in february 1901, a few months after the artist’s death, an exhibit of several hundred paintings by Isaac Levitan opened in Moscow and later moved to St. Petersburg. By then it was clear how great was the artist who had painted these landscapes and how important was his place in Russian art.
However, for much of Levitan’s short life (he died at age 40) he lived in grinding poverty. Most of his youth was endured in hunger, and, having no place else to stay, he often spent the night in the School of Painting and Sculpture, where he was a student. When he reached adulthood and became an established artist, he at times went barefoot in summer for lack of shoes and paid his landlady with what were then worthless sketches. In addition to hunger, he was plagued by disease, which took his father and mother to an early grave and brought his own end before his genius was fully realized.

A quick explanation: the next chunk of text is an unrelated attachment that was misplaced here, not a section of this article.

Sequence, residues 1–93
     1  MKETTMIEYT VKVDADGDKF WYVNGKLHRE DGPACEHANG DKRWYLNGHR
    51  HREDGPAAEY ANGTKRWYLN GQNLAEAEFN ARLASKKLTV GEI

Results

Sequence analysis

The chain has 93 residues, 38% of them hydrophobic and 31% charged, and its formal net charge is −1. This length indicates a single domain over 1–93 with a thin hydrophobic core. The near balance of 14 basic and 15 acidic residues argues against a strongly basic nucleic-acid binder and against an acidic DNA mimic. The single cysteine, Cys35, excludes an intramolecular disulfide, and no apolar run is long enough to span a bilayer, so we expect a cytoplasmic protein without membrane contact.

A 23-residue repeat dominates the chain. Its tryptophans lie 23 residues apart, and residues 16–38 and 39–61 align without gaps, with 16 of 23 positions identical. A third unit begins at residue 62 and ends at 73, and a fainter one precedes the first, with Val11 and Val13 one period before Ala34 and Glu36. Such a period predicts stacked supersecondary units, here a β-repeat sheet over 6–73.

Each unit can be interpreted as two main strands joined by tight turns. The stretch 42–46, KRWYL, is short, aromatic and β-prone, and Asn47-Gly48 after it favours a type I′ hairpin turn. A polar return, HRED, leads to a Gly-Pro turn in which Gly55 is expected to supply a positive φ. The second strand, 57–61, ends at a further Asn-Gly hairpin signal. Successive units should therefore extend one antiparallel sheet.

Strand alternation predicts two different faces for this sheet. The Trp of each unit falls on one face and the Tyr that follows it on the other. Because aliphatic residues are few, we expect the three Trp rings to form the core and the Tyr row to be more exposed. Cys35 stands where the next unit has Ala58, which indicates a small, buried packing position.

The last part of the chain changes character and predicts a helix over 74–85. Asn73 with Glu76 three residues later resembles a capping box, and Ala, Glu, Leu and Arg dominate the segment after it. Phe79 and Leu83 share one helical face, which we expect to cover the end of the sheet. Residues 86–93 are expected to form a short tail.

During his life and after his death, Levitan was an object of controversy, and to some degree he remains so today. A Jewish boy who came to Moscow from a remote Lithuanian shtetl, he naturally was subjected to constant insults and humiliation. Given the artist’s rather Semitic features, it is easy to imagine that he often encountered hostility on the street, in taverns, and even at school. Levitan was twice forced to leave Moscow, in 1879 and 1892, during periodic mass expulsions of Jews from the ancient capital, and it was only thanks to the intercession of friends that he was able to return. By then, the fact that Levitan primarily painted Russian nature had already made him a contentious figure. How dare a Jew take the beauty of Russia as his subject matter? What could he possibly understand about it?
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